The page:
Greetings, Azrael. The first question I have is this: how'd you define your music to someone unfamiliar with it? Are there some bands or artists that you could compare your sound or concept with, without grimacing in discomfort?
   Azrael >
Greetings. Plaguewielder to me is a cocktail of despondent, morose, forlorn, nihilistic ambient music with ritualistic tendencies. A deliciously dark overture of disease, decay and death. I am sure there are some bands and projects out there that have similar sounds and certainly themes that are similar to what we are are doing but none come to mind off the top of my head. When I started composing for Plaguewielder there was no other music in my mind that I wanted it to sound similar to. If so then it was purely a subconsious act within my experimental stages. Obviously parts of my other project Hoyland creep into the soundscape every now and again, but I think that is only natural because of the ways I compose.

When was Plaguewielder born, and why? Did you have the same vision and themes for it in the project's beginning as you do now?
   Azrael >
Plaguewielder was brought into existance in the early Spring of 2011 as a means to express things I didn't see fit to express with my other project Hoyland. Hoyland was never meant to be blacker than black music, but something that is both light and dark and also something inbetween. A lot of grey areas are explored in terms of themes and atmospheres regarding Hoyland whereas with Plaguewielder it is alot more macabre, obfuscous and rotten in terms of sound and atmosphere. At other times there can be tragic sounding melodies and atmospheres also. It is a far more extreme entity and something that reeks of putrid death and decay.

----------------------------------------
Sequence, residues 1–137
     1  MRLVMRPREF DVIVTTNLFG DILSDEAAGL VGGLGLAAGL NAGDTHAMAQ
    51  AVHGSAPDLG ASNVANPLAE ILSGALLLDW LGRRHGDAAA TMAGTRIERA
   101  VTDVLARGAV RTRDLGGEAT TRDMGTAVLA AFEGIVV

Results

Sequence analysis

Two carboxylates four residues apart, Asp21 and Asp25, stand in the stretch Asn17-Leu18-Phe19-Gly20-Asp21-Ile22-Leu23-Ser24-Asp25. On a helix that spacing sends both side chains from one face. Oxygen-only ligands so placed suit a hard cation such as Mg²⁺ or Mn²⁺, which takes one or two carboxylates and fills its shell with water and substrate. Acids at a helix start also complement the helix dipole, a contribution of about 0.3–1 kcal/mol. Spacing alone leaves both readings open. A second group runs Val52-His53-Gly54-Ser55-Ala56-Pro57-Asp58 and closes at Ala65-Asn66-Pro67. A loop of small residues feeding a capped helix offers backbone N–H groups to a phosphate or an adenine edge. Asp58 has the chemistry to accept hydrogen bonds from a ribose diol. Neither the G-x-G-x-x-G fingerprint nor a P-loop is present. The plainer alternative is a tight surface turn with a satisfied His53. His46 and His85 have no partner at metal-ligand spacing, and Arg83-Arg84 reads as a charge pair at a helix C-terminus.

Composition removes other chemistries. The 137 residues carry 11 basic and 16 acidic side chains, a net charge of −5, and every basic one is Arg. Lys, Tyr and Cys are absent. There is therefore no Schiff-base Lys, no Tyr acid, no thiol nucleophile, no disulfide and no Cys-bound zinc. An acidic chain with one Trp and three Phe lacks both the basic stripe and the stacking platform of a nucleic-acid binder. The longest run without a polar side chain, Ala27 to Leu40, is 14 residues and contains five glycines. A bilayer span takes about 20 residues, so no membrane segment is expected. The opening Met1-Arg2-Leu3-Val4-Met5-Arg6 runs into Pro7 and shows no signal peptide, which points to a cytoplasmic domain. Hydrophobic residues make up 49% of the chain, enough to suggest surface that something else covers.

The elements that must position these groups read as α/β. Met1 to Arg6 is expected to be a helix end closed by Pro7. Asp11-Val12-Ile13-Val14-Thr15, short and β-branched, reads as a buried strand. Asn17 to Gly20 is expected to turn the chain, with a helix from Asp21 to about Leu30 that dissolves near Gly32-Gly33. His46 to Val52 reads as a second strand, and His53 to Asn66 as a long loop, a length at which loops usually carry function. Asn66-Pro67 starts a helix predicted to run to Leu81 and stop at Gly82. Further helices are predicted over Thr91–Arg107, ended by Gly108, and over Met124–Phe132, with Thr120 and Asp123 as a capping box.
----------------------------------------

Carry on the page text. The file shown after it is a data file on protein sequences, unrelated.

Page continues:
My vision and outlook regarding the whole scope of what Plaguewielder is shall indeed remain the same now as when the project first began. If anything I wish to develope, explore and dig deeper regarding all aspects of what Plaguewielder is.

I know that you've described Plaguewielder as "Nihilistik Plague Ambient." Would you like to open up this definition a little bit?
   Azrael >
Nihilistik Plague Ambient is the very definition of everything that Plaguewielder is. Extreme, savage, despairing and spiteful. The plague part is describing a theme that has been a major part of the project, the black death, disease and death. The final part I think is self explanatory. I think the term is also open to interpretation and can mean different things to different people. Priapus23 was the one that came up with this term.

What is the concept of Plaguewielder? The song titles bring out such themes as nihilism, death, darkness, suffering, and even some occult and chthonian themes. Are these simply some things you're interested in and want to explore deeper, or is it moreso about who and what you are as a being?